Your job is sending you somewhere interesting like Las Vegas or California or Florida for a conference. According to your itinerary, you’ll be seeing the inside of an airport, an airplane, a hotel room and a convention center, and may never see the light of day, let alone a local attraction or destination.
How can you possibly experience what your new locale has to offer if you spend it watching presentations? Thread some vacation into your business trip!
Take PTO Before or After
If your place of employment is flying you in and out, look into changing the dates and covering your own hotel during the time you’re not doing work activities. Pay to bring your family out too. Combining a vacation with a work trip gives you more days away from the office and uses fewer PTO days overall. Some “work trippers” will take up to a week before or after the conference to maximize the experience.
Explore Your World
Spend the time when not on the clock exploring the new city. See a musical, go hiking, check out a local restaurant that you’ve never been to before, but has great reviews. Bring your golf clubs and hit the links. Take a dip in the ocean. Try something that locals rave about. A clam chowder bread bowl in Alameda. Gumbo in New Orleans. Snorkeling in the Florida Keys. Hiking in the Red Rocks at night near Las Vegas. The possibilities are endless.
During the Business Trip Works Too
You may get an occasional free evening where there are no team-building exercises, dinners or social activities planned with your team. Instead of isolating yourself in your hotel room, take the time to crawl the city yourself or with your family and clear your mind of that day’s business activities. Even if you only get a couple hours before you have to go to sleep and be back in the conference bright and early the next day, there’s still time to craft a life experience.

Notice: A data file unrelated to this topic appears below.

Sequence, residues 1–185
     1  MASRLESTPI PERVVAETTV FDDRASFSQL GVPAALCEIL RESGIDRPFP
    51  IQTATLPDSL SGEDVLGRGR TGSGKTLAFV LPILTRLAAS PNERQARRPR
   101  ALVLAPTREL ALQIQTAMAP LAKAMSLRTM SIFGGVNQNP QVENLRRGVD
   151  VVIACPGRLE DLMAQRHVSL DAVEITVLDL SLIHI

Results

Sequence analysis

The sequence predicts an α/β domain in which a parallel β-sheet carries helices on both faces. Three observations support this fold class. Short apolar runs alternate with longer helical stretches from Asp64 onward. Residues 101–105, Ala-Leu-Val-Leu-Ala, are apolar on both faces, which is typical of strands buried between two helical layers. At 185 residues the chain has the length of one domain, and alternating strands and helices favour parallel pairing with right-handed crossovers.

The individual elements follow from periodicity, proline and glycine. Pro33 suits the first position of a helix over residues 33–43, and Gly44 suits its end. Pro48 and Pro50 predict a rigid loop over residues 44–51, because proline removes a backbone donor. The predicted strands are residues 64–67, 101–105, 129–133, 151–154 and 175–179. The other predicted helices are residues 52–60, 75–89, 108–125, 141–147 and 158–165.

Odds are, wherever your work trip is, there will be interesting things to see and do within a short drive. Not only will you gain new experiences, but you’ll be in a great mindset when returning to the business trip or back in the office. It’s a lot easier to concentrate on work when you’re relaxed, fulfilled and less on edge. A good business trip combines solid knowledge from the business part and exploration from the non-business part. Plus, you’ll have a new vacation spot that you can return to on your own.
Ultimately, your trip away from home won’t just be speeches and presentations, but actual memories. Which will be more valuable to you as a person in the long term?